The contemporary study of middle powers has focused primarily on defining the concept and examining the foreign policies of such states. While there has yet to be a standardized definition of what middle powers are, the literature suggests three primary ways of approaching the concept, based on material capabilities, identity and behaviour. This chapter reviews the existing approaches to middle powers, with the aims of: establishing a working definition for middle powers which is then used to identify Australia, Indonesia and South Korea as middle powers in the Asia Pacific; drawing out the underlying notion of differentiation in the extant literature; and, highlighting the widely acknowledged link between middle powers and multilateralism.
Through employing differentiation theory as a heuristic, this chapter sets out a conceptual framework to explore the differentiation mechanism that generates middle power behaviour in multilateralism. The framework here treats structure as segmented, stratified and functionally differentiated. Middle power behaviour is produced when the effects of the differentiated structure are activated by social, relative and relational power politics. Although the specific outcomes would depend on the particular circumstances of the time and place, this framework overall expects that middle powers would pursue a dilution of major-power stratification and take on functionally differentiated roles in multilateralism.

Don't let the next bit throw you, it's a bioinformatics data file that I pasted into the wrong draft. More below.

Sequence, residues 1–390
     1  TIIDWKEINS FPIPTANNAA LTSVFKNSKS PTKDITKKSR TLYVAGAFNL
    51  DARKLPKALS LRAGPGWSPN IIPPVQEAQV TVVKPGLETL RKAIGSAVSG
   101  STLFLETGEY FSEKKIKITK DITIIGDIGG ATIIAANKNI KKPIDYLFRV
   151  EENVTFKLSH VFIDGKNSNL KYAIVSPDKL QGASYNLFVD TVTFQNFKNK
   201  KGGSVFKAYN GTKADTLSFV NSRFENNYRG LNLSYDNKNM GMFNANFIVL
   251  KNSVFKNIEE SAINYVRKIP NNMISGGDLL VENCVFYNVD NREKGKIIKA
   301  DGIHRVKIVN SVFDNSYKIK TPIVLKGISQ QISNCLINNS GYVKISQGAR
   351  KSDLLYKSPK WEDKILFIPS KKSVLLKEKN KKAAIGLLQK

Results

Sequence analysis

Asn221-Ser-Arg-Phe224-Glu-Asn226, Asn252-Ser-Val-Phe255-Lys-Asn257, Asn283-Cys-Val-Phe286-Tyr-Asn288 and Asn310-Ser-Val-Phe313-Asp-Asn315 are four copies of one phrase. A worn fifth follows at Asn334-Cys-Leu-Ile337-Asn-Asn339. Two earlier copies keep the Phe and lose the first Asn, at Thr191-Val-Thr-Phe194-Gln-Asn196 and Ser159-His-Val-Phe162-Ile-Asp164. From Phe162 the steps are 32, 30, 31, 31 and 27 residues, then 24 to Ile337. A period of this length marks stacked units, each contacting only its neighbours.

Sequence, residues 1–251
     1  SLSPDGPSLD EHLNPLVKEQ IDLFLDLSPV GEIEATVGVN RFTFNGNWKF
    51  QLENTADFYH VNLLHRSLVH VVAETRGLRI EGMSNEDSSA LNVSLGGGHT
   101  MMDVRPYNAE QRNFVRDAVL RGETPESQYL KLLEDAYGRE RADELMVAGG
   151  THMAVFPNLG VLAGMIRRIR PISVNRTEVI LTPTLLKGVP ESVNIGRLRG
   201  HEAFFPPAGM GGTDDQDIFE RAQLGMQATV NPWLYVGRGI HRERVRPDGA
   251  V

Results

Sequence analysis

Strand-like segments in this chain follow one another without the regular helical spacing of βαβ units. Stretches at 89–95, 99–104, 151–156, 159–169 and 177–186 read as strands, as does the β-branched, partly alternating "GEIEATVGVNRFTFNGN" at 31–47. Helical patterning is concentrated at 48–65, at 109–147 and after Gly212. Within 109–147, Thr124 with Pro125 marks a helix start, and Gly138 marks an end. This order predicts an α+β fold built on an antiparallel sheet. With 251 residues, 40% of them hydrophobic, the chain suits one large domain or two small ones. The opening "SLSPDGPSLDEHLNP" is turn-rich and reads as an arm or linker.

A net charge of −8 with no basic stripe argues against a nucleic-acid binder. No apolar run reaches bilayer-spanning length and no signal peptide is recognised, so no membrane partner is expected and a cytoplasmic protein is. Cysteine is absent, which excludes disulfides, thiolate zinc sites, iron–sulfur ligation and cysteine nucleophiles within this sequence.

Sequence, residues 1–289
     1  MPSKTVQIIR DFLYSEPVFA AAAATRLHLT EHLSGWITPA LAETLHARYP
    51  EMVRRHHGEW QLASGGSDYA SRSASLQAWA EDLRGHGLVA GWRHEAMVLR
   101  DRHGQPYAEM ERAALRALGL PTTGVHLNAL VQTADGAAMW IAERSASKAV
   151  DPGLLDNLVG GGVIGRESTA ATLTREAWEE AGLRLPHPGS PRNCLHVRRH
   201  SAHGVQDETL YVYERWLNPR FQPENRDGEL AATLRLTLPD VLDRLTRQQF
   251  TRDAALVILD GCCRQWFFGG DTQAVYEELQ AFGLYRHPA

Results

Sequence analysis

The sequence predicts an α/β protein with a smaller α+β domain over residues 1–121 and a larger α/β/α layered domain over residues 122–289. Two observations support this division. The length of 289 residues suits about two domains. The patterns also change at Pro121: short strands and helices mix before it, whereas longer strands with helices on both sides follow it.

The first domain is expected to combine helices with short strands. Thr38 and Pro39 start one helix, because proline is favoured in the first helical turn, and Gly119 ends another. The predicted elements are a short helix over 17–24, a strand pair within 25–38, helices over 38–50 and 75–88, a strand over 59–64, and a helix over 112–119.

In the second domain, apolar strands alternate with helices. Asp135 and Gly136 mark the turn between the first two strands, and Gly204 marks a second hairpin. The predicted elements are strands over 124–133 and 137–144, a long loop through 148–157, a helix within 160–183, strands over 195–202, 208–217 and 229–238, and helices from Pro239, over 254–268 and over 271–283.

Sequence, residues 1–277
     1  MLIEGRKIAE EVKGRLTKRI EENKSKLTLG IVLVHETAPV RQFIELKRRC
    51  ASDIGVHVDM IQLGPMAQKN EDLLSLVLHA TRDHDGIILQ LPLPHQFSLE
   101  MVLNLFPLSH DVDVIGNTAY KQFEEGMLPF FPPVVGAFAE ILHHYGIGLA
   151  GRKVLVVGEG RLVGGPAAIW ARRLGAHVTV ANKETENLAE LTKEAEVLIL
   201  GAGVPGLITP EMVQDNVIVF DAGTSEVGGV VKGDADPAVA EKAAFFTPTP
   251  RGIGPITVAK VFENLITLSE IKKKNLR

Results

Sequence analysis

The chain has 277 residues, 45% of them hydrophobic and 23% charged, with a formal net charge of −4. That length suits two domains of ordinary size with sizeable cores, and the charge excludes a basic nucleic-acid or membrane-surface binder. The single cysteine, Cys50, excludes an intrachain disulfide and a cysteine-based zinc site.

The rapid growth of China’s power and influence has become one of the most salient phenomena in world politics today. Particularly since 2012, when President Xi Jinping became China’s top leader, China has been viewed as increasingly ‘assertive’ in conducting its foreign relations. Henry Kissinger (2014), in his book World Order, devotes an entire chapter to the complex and subtle relations between China and the international order. As he observes,